SACRAMENTO, CA - The California Highway Patrol began its zero tolerance campaign on handheld cell phone use by drivers on Tuesday.
"We'll be everywhere," said Officer Adrian Quintero. "This is as dangerous as drunk driving and as important as wearing a seatbelt."
The zero tolerance period will last from 6 a.m. Tuesday to 6 a.m. Wednesday.
CHP's Valley Division said they are still seeing a high number of people either talking on their cell phones without a hands-free device or texting while driving despite the 2008 and 2009 laws that specifically ban both.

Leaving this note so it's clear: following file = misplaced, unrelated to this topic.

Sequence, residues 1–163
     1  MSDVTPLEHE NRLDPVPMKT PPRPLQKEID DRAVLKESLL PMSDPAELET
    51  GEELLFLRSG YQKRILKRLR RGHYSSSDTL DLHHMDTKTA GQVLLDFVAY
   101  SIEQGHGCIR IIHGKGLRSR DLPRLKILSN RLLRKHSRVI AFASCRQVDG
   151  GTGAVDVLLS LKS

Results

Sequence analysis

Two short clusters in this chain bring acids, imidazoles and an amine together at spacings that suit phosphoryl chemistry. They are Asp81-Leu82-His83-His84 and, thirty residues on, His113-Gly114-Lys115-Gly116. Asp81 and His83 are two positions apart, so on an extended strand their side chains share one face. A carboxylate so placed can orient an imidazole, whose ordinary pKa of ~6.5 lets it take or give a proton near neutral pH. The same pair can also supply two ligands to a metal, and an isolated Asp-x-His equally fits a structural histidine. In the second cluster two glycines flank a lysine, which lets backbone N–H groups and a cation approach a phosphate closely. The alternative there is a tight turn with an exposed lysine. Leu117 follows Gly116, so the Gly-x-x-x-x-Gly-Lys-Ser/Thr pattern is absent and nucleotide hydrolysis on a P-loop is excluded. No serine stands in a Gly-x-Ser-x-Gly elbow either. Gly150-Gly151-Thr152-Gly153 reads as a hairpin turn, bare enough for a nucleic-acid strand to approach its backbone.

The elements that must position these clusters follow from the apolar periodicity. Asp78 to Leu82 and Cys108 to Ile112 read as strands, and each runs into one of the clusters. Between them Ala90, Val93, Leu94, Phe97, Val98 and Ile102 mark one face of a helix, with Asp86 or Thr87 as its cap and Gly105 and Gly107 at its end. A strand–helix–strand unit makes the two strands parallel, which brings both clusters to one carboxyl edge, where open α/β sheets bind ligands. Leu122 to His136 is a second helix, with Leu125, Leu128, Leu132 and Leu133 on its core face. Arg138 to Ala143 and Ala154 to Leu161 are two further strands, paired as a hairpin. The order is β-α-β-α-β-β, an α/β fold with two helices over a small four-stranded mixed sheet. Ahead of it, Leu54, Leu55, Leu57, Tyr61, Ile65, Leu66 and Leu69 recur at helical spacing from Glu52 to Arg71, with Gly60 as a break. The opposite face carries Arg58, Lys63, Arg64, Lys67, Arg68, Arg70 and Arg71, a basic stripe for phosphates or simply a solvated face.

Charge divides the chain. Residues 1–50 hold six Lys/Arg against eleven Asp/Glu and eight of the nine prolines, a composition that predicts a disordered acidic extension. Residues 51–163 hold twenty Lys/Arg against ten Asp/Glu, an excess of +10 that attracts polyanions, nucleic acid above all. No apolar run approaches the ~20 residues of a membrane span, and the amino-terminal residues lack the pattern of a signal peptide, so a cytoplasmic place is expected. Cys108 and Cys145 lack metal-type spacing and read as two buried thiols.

Another law also bans anyone under the age of 18 from using a cell phone while driving, even if they have a hands-free device.
Officers will be watching for people driving erratically or swerving on the roads.
"One of the most common mistakes is made by people thinking it's good enough to use their speaker phone while still holding the phone in their hand. Even my son can point them out on the road!" Quintero said.
Cell phone fines start at a minimum of $20 for the first offense and can go up from there. When you factor in court fees, citations will cost drivers at least $100.
CHP's traffic record system shows more than 329,000 cell phone violation citations have been issued since the law took effect. More than 5,100 tickets have been handed out for texting while driving.